This article argues that African member states have failed to tap into the massive potentials provided by Regional Economic Communities (RECs) due to factors including, government interferance, lack of invesstment capital, expertise and corruption. The author recommends the establishment of Special Purpose Vehicles at the REC levels, to harness these potentials and scale up the production of natural resources in the continent.
SADC Trade Facilitation Efforts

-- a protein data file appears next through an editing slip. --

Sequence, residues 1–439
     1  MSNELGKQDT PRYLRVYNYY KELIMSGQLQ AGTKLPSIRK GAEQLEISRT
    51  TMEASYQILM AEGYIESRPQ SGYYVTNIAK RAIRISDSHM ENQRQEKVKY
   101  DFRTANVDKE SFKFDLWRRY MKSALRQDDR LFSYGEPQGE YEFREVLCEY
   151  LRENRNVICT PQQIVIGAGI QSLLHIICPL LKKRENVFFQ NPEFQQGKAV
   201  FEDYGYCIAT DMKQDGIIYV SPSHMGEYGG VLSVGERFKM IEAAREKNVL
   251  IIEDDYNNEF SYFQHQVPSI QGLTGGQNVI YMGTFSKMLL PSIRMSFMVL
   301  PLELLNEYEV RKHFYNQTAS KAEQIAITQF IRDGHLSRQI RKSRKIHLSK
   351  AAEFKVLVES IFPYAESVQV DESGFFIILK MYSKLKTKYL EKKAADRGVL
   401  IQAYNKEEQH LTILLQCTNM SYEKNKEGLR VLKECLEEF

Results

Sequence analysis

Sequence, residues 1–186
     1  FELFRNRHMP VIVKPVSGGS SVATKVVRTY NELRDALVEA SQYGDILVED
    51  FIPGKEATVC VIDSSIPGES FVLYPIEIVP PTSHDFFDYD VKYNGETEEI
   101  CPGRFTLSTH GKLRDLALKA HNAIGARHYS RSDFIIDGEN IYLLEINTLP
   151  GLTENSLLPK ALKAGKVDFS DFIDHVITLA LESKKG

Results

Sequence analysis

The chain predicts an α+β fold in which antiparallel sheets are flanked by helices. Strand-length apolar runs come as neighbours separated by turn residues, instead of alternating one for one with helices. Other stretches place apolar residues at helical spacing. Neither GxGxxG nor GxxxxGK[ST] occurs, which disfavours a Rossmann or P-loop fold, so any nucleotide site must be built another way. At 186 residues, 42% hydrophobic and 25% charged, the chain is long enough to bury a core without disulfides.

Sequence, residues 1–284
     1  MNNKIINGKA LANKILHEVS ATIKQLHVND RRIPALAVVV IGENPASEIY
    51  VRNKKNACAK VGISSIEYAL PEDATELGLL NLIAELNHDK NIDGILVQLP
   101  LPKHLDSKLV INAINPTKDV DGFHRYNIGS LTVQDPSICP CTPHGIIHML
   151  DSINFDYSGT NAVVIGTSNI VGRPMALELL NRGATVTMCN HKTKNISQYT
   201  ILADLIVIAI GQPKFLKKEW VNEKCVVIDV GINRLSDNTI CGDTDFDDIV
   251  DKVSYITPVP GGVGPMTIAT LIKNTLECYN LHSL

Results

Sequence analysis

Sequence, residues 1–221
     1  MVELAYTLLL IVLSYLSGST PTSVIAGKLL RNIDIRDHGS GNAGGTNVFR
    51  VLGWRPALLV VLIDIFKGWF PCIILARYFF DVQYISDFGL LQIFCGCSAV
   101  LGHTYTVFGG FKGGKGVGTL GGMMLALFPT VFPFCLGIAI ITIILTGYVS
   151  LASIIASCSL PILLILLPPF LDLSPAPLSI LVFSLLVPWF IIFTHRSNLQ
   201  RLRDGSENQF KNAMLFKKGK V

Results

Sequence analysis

Regional integration requires not only the elimination of tariff and non-tariff barriers, but also the removal of impediments that cause the physical movement of goods across borders to be slow and costly. These impediments may arise due to defects in policies, laws or procedures. Thus, trade should not only be liberalised, but it also needs to be facilitated. The World Trade Organization (WTO) defines trade facilitation as “the simplification, modernization and harmonization of export and import processes.” Six of the Southern African Development Community (SADC) countries are land-locked (Botswana, Lesotho, Malawi, Swaziland, Zambia and Zimbabwe). Therefore, inefficiency and high costs in cross-border trade have detrimental impacts on their ability to participate in global, as well as in regional trade. SADC states are parties to several agreements that aim at facilitating trade. However, the implementation of obligations remains a chronic challenge.